Wednesday, August 10, 2011

Do Episodes of Recent Global Unrest Have Any Commonalities?

This has been a year of unusually high amounts of public unrest.  It all began last December when a man named Mohamed Bouazizi.  He lived in Tunisia, in an area of reported 30% localized unemployment.  He had his street vending wares confiscated because he did not have the proper permit.  After arguing with government officials to have his wares and occupation returned to him, he set himself on fire.  His final words before the immolation have been reported to have been, "How do you expect me to make a living?"

A young individual frustrated with government regulation and corruption has started a wave of demonstrations and even revolution in Tunisia, Egypt, and Yemen.  There is ongoing protests and civil strife in Syria and Libya.  Initially, this so-called "Arab Spring" was confined to religiously Muslim majority countries.  They are demonstrating using violent and non-violent means.  Most of them are seeking to end dictatorships.  Recently there have also been large protests and riots in Great Britain and Israel.  Do these range of protests and riots have anything in common?

Protests in Tel Aviv ('avivi)

Protesters in Israel are protesting the high cost of apartment rents in Tel Aviv.  I perused craigslist where it says that one bedroom apartments are going for an average of 5,186 Shekels ($1,465) with a high of $1,723 and a low of $988.  This was a very unscientific and small sampling of Tel Aviv rents.  I'm sure there was a wide distribution of locations, amenities, etc., but I just wanted to get an idea of what numbers I'm working with.  Comparing it to Washington D.C. (another high rent location in my estimation) using the same method of craigslist polling. I found an average of $1887 with a high of $3000 and a low of $765.  Construction is quite widespread in Washington D.C. as companies are attempting to profit on the high prices.  It is much the same in Tel Aviv.  New construction can be quite a political issue in most urban areas.  There are typically significant zoning regulations that, in effect, stifle supply and create response lags to increases in demand.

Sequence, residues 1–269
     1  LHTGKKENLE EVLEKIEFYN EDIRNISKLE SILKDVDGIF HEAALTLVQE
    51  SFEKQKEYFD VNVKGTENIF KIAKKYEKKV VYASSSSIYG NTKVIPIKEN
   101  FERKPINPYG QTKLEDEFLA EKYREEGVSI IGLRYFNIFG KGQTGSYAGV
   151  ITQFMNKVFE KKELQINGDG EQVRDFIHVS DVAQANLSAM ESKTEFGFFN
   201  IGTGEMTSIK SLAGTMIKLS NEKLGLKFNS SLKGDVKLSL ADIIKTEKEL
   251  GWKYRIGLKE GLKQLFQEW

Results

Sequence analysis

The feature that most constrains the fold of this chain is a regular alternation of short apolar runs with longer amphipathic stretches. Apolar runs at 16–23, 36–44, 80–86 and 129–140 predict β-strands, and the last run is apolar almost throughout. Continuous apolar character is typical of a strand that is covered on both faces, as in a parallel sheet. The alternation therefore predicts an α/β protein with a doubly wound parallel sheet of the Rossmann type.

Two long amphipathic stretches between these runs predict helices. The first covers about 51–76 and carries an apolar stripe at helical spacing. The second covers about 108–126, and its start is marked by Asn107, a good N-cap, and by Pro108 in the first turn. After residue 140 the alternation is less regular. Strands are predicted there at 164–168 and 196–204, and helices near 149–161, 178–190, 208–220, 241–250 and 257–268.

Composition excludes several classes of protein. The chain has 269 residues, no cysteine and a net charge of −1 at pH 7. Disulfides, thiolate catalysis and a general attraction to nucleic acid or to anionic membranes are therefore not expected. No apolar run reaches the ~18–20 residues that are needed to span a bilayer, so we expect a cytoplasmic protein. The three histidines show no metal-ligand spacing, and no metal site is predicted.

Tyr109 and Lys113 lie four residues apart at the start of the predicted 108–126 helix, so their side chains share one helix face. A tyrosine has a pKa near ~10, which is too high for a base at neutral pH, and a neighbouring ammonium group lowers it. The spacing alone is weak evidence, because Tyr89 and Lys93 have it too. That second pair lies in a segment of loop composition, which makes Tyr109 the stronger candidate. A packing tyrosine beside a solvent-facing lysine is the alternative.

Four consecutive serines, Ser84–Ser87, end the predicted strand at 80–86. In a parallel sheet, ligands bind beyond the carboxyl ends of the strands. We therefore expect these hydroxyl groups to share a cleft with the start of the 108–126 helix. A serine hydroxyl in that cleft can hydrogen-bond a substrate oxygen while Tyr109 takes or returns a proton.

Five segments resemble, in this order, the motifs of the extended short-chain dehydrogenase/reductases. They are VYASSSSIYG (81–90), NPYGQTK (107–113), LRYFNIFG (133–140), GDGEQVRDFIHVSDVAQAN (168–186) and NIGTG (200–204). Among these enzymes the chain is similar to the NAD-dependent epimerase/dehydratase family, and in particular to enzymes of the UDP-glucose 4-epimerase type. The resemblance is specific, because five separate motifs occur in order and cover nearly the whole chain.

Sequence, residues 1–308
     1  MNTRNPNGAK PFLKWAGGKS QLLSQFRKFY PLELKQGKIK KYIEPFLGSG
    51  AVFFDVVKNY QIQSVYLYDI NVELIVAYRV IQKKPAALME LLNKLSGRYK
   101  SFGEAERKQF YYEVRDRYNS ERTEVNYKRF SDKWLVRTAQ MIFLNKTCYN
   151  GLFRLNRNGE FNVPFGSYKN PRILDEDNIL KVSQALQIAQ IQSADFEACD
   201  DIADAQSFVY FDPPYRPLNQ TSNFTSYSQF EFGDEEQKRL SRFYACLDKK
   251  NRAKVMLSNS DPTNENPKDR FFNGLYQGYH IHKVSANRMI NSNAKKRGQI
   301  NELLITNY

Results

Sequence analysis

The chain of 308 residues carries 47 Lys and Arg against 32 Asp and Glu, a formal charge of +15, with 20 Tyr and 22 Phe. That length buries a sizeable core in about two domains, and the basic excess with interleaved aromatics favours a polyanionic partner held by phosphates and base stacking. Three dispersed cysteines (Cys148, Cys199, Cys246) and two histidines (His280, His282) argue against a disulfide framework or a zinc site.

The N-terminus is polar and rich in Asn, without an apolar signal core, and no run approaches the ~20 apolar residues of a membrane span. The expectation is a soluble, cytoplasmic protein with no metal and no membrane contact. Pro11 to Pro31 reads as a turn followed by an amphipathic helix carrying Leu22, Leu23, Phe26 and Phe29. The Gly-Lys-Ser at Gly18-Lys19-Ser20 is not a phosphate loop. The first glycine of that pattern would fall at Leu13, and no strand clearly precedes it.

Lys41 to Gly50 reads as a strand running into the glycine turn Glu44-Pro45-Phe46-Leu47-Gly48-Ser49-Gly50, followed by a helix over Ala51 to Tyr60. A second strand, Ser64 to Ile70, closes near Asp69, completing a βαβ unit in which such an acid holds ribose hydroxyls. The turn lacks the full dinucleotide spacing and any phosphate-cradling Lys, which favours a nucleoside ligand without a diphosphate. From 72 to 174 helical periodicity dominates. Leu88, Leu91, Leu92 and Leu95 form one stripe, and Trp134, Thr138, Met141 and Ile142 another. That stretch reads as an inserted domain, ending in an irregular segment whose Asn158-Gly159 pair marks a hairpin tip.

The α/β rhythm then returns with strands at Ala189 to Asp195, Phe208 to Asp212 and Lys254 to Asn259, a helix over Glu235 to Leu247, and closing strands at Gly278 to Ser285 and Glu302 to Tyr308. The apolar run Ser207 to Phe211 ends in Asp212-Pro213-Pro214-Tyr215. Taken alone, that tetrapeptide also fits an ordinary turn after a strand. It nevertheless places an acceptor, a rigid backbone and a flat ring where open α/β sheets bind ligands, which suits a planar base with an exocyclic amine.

A Stand-off in Croydon (Raymond Yau)
Great Britain has one thing in common with Tunisia.  The riots in Tottenham (which were later followed by ones in London, Manchester, etc.) were sparked by one incident.  In Tunisia's case, a self immolation.  For Great Britain, it was the police killing a reported gang member.  They have had days of violence throughout England, but they started out as anti-police demonstrations.  It is also suggested that the coalition government's austerity measures and general economic issues were also contributing factors.  Britain has been having several large non-violent protests for months for various issues relating to recent government cuts in health care and education.

Great Britain's austerity program has been a terrific counterpoint to the United States stimulus for economic observations.  Economists have been comparing economic conditions in each country to compare effects of different reactions.  The U.S. and U.K. are not completely alike, but it is rare that similar conditions (financial panic of 2008) have caused such severe economic slowdowns at almost exactly the same time.  In October 2010, the coalition led government instituted a five year plan to reduce the U.K.'s budget deficit from 11% of G.D.P. to 1% of G.D.P.  They did this by slashing citizen benefits and public sector jobs.  The United States has just lost its AAA bond status, while the United Kingdom kept its, but at what cost?